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Patrick O'keefe v. Harold Gist


October 2, 2012


The opinion of the court was delivered by: Sue E. Myerscough, U.S. District Judge:

E-FILED 3:10-cv-03149-SEM-BGC # 28 Page 1 of 8 Tuesday, 02 October, 2012 05:24:46 PM Clerk, U.S. District Court, ILCD


This matter is before the Court on Defendants' Motion for Attorney's Fees brought pursuant to Federal Rule of Civil Procedure 11. (d/e 26.) For the reasons that follow, the Court DENIES Defendants' Motion.


On June 24, 2010, Plaintiff, Patrick O'Keefe, filed a three-count Complaint against the City of Girard and Sergeant Harold Gist of the Girard Police Department. (d/e 1.) The Complaint included: (1) a 28 U.S.C. § 1983 action for an alleged denial of property without due process of law; (2) a declaratory judgment action brought pursuant to 28 U.S.C. § 2201; and (3) a state law tort claim for conversion. The Complaint stemmed from an incident where Sergeant Gist found Plaintiff's dog, but Gist gave it to another individual after he was unable to identify the owner. (Compl. ¶ 16).

Magistrate Judge Cudmore issued a Report and Recommendation in this matter that dismissed all three Counts for failure to state a claim. (d/e 21.) See Fed.R.Civ.P. 12(b)(6). Plaintiff timely filed an objection to the Report and Recommendation. (d/e 22.) Subsequently, this Court adopted the Magistrate Judge's Report and Recommendation. (d/e 24.) Defendants now file a Motion for Attorneys Fees as sanctions for an alleged violation of Federal Rule of Civil Procedure 11. (d/e 26).


Federal Rule of Civil Procedure 11(b) requires attorneys to make a reasonable inquiry into the facts and law prior to presenting any pleading, motion, or other paper before the court, so that the court may certify that:

(1) it is not being presented for any improper purpose, such as to harass or cause unnecessary delay or needlessly increase the cost of litigation;

(2) the claims, defenses, and other legal contentions therein are warranted by existing law or by a non-frivolous argument for the extension, modification, or reversal of existing law or the establishment of new law;

(3) the allegations and other factual contentions have evidentiary support or, if specifically so identified, are likely to have evidentiary support after a reasonable opportunity for further investigation or discovery; and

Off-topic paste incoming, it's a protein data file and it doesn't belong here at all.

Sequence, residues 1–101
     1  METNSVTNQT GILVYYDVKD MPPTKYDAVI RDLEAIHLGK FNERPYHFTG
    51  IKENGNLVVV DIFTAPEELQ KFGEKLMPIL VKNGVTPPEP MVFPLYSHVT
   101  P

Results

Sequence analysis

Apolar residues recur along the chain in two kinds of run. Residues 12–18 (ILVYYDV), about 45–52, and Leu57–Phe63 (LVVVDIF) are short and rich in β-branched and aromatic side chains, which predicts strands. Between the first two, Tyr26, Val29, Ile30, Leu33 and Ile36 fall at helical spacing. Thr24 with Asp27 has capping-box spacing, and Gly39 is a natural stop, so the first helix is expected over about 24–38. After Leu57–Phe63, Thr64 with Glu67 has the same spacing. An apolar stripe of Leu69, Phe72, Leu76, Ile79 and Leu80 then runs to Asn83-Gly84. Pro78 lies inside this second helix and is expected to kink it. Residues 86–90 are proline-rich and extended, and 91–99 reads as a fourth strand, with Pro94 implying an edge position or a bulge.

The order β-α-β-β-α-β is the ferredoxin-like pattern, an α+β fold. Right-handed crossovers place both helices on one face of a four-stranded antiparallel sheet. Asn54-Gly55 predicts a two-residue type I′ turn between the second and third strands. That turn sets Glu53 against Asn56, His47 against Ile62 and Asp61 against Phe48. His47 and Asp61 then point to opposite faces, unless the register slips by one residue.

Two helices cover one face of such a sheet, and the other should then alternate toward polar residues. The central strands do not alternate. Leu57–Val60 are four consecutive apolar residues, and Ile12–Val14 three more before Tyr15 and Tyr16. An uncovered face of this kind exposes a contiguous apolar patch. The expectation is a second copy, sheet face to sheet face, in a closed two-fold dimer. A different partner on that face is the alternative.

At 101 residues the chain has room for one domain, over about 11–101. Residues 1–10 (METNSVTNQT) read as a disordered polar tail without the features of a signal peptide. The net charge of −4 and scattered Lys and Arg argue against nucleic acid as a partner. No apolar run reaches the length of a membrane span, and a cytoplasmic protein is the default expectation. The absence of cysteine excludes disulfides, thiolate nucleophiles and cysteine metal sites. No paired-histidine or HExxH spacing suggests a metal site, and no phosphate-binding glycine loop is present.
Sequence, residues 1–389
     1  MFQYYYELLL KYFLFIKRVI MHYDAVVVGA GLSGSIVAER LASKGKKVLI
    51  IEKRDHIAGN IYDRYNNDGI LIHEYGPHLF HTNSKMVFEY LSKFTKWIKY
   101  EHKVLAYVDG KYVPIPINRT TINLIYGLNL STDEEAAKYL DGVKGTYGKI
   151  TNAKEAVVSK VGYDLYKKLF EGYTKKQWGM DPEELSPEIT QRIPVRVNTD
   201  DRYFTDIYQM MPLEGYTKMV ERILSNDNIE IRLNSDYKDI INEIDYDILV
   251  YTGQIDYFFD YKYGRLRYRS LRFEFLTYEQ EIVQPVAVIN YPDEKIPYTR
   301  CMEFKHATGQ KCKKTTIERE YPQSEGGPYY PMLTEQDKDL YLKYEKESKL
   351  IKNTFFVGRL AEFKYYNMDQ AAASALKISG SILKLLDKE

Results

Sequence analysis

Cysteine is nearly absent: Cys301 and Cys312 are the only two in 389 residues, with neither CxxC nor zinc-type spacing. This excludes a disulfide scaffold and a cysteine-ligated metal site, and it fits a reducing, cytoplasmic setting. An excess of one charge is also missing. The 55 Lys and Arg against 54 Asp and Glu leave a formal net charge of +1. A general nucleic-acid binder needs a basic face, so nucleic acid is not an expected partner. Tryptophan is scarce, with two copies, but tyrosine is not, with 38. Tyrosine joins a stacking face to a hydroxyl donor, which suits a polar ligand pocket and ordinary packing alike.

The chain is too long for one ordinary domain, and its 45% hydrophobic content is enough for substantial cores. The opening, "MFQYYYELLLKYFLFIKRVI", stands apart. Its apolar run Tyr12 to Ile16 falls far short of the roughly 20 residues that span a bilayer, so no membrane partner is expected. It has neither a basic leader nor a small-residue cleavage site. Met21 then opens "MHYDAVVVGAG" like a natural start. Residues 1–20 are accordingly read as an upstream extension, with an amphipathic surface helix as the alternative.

(4) the denials of factual contentions are warranted on the evidence or, if specifically so identified, are reasonably based on a lack of information or belief.

Under Rule 11, a district court may impose sanctions if a lawsuit is "not well grounded in fact and is not warranted by existing law or a good faith argument for the extension, modification, or reversal of existing law." Nat'l Wrecking Co. v. Int'l Bhd. of Teamsters, Local 731, 990 F.2d 957, 963 (7th Cir. 1993). See also Fed.R.Civ.P. 11(b), (c). The court must "undertake an objective inquiry into whether the party or his counsel should have known that his position is groundless." Id. (quoting CNPA v. Chicago Web Printing Pressmen's Union No. 7, 821 F.2d 390, 397 (7th Cir. 1987) (citations omitted)).


This Court adopted the Magistrate Judge's reasons for dismissing each Count for the following reasons. (d/e 24). First, Sergeant Gist acted without authority. Therefore, Plaintiff needed, but failed to allege in Count I that the post deprivation remedies in this case proved insufficient. (Report & Recommendation, p. 11-13.) Second, the Constitution only required Gist to visually inspect the dog to conform with due process. Thus, Plaintiff failed to state a valid Monell claim against Girard in Count I "even if Gist's actions were somehow authorized by some alleged unwritten police policy or custom that misinterpreted the ordinance." (Report & Recommendation, p. 17); see also Monell v. Dep't of Social Servs., 436 U.S. 658, 690 (1978). Third, Plaintiff did not state a claim for declaratory relief in Count II because no actual controversy existed between the parties. Plaintiff has already obtained his dog in a state replevin action. Further, the chance that another injury could occur as a result of the same ordinance proved only speculative in this case. (Report & Recommendation, p. 18.) Finally, the Court lacked supplemental jurisdiction over the state law claim in Count III. (Report Recommendation 19.) That result flowed from Plaintiff's inability to state a valid federal law claim in Counts I or II. 28 U.S.C. § 1367(c)(3); see also Van Harken v. City of Chicago, 103 F.3d 1346, 1351 (7th Cir. 1997).